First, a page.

The evolution of rockabilly and rockin’ sounds continues by way of Bakersfield with Bear Family’s second chapter titled, ‘The Other Side Of Bakersfield’. With in-depth liner notes and super rare photos regarding these particular artists of the 1950s and 60s and the record labels involved,  the usual care and attention from Bear Family is applied to the entire package as volume two of the Boppers and Rockers from Nashville West is on equal par with its predecessor. For example, the same quality and breadth of creativity is found throughout ‘The Other Side Of Bakersfield Vol. 2’, but where this differs slightly is the evolving sound of the musicians involved, edging closer to a fuller-sounding rockabilly description, to cite one example, that is beefed up and tighter in its execution. Particular delights of this second instalment include the ever reliable Ferlin Husky with ‘I Feel Better All Over’; the ballad-esque ‘Teenage Tears’ from Cliff Crofford; the wonderful off-kilter delivery and in line with its narrative of Corky Jones’ (Buck Owens) ‘Rhythm and Booze’ and George Weston’s rockin’ ‘Hey Little Car Hop’. Special mention goes to the sublime ‘Can’t Go On’ with a vocal to melt the sternest of hearts that leaves one to ponder why the name Dallas Frazier was not exalted to greater heights despite achieving success as a songwriter for a host of artists. A superb second volume, ‘The Other Side Of Bakersfield’ is worthy of high praise indeed.

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The Other Side Of Bakersfield, Vol. 1

Various Artists

Bear Family

Nothing but a safe pair of hands, Bear Family Records bring sweet, pleasurable relief with a new two-part series that focuses on ‘The Other Side Of Bakersfield’. The first volume of Boppers and Rockers from Nashville West details a succession of artists from the 1950s and 60s from the city of Bakersfield eager to experiment with the wilder sound that was emerging at a quickening pace with rockabilly and later rock ‘n’ roll. With an abundance of independent record labels able to provide (temporary) homes for those deemed worthy enough, the more familiar names of Buck Owens (aka Corky Jones on one particular number), Tommy Collins, Merle Haggard et al are present, but also much sought after originals with the endearingly named Custer Bottoms, for example, with his ‘Stood Up Blues’ that possesses a wonderful natural quality mainly expressed through Custer’s ‘hick’ delivery  rendering the abject misery of the central figure via the opposite sex utterly convincing. Cliff Crofford’s prospects appear equally bleak with ‘There Ain’t Nothin’ Happenin To Me’ that sounds like it’s made up of a very primitive rock ‘n’ roll rhythm. Johnny Taylor certainly adopts a similar methodology with his more up-tempo version of the (still) primitive rockin’ beats by way of the superb ‘Mixed Up Rhythm & Blues’, only for Jimmy Thomason (‘Now Hear This’) and Glen Ayres – Red Simpson (‘Sweet Love’) to shake things up further with some rhythm and blues and then followed by a concoction of teen rock and boogie. The sheer breadth of styles is astounding not to mention the abundance of creativity – Joe Hall & The Corvettes ‘Bongo Beating Beatnik’ a prime example – that makes this first volume ‘The Other Side Of Bakersfield’ a must have item.

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Rockabilly Roads 4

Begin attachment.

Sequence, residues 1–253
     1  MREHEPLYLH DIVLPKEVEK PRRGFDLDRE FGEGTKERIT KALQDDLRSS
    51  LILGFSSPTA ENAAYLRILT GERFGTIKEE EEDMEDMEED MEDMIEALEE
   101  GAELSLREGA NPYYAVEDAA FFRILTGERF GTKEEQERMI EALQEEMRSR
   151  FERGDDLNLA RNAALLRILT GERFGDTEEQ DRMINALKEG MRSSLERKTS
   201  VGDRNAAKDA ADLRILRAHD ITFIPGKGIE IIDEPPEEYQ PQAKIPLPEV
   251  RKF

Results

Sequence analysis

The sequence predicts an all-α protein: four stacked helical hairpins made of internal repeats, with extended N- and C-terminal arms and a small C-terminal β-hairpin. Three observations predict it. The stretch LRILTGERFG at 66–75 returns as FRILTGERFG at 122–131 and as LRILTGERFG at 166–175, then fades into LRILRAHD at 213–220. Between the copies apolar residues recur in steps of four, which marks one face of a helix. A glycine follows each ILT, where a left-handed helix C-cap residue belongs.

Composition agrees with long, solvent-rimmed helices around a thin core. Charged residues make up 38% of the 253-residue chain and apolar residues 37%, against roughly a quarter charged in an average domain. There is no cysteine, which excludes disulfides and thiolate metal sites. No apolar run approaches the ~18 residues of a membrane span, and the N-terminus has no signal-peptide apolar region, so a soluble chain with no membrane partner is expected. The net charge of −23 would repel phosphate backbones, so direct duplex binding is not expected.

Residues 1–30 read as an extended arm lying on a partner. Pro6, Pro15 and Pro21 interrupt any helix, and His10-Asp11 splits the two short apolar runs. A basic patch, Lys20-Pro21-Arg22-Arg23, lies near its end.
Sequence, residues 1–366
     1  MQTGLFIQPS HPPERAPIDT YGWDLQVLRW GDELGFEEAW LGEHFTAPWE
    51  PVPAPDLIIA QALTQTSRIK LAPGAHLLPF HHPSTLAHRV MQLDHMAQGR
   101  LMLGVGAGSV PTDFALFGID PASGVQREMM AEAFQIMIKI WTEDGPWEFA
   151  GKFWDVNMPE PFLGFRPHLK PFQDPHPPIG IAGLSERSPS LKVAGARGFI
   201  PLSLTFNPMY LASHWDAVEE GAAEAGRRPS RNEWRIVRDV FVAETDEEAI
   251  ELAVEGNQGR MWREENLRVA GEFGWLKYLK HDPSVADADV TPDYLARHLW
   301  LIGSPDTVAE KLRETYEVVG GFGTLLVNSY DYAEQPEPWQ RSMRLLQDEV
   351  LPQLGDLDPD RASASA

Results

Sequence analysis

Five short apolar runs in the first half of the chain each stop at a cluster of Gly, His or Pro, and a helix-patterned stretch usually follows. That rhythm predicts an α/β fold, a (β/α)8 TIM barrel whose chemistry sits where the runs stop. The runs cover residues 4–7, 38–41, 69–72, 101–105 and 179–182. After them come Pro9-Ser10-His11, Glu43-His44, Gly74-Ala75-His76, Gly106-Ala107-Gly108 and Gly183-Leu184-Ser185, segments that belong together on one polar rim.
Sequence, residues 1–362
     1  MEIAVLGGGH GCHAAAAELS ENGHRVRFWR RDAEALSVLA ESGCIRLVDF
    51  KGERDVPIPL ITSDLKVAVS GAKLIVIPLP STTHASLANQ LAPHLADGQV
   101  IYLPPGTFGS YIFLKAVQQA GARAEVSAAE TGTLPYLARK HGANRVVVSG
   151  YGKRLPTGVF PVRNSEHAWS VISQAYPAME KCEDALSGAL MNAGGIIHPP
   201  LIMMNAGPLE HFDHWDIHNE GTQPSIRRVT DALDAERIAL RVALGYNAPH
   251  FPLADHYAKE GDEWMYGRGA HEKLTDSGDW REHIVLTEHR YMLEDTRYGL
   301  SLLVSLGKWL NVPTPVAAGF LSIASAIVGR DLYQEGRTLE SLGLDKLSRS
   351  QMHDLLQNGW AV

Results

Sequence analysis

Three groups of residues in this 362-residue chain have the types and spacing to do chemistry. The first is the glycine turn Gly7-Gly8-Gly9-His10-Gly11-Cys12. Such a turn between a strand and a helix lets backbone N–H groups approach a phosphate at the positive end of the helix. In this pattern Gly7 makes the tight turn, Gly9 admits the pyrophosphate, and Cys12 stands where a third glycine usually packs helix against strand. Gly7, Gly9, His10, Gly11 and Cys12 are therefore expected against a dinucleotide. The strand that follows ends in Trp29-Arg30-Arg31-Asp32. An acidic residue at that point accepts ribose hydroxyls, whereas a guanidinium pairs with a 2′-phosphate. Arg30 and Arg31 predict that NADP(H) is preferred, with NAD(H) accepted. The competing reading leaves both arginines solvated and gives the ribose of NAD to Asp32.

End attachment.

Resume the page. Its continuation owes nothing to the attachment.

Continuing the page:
Various Artists

Playground Music

Fourth instalment in the Rockabilly Roads series that sees no let-up in terms of quality control with a plethora of modern-day rockabilly and rock ‘n’ roll artists touting their own creative writings rather than adding a fresh spin on an old cover. The ‘jungle’ theme given to this fourth Rockabilly Roads volume is more about the red-hot electricity coursing through more or less each and every track rather than anything specific coming out of the wilderness. First indication of such a scorching atmosphere comes by way of Mike Barbwire & The Blue Ocean Orchestra with their ‘El Sótano Calling (S.O.S ROCKN’ ROLL), which is an instrumental with a Latin flavour coupled with a stinging guitar, monstrous sax and surprising turn of events with a brief yet wondrous string section midway that sets the bar incredibly high for the rest of the competition to follow. After such a magnificent start, Swedish rockers and regulars to the Rockabilly Roads series, John Lindberg Trio do not let the side down by way of their usual high standards of consistently good rock ‘n’ roll with knowing pop sensibilities that is ‘Hit Me’. Where John Lindberg Trio add a modern gloss to the rockin’ revival, Ruby Ann’s ‘You Gotta Pay’ and subsequent Honeyboy Slim & the Bad Habits ‘Screamin’ Mimi Jeanie’ really drum up a sense of nostalgia with authentic takes on a 50s sound; the former a mid-tempo setter that is commanded by Ms Ann’s compelling vocal, whereas the latter is a full-blooded rocker and reminiscent of Jerry Lee Lewis. It remains this very balancing act between replicating an inch perfect rockin’ 50s period sound, and one that stems from the same origins but with various additional elements providing a more up-to-date feel (20th Flight Rockers, The Caezars, Reverend Horton Heat), which is why this rockabilly series truly works.

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Fire Dance With Me

Charlotte Qvale

Stella Music / Sony Music Norway

The name Charlotte Qvale has been making great strides after recognition from several Norwegian radio stations that saw Qvale’s hit song ‘The Fire’ a longstanding feature when it came to radio playlists. Fast forward to the present and Charlotte Qvale is now ready for her full-length debut entrance with ‘Fire Dance With Me’. The impact of this first offering is immediate with vigorous backing beats and Qvale’s calm vocal detailing the differences that finally proved too much for one particular relationship during ‘The Beginning Of The End’. Comparisons will no doubt feature Florence + the Machine considering the influence of indie, folk and dance music running throughout, especially upon hearing the lovely rising arc of ‘Love You Out Loud’ and breezy ‘Kiss The Girls’. There is a slight quirky edge to the rather engaging ‘City Lights’ that brings together a bristling rhythm full of acoustic guitar and stabs of brass instrumentation and reminiscent of Susanne Vega and a closer to home, Ephemera. While such associations are to be welcomed considering the undoubtable talent and confidence evident here, the next outing for Charlotte Qvale makes for an interesting prospect because it will be one that requires a slight deviation due to an overall feeling of familiarity with ‘Fire Dance With Me’.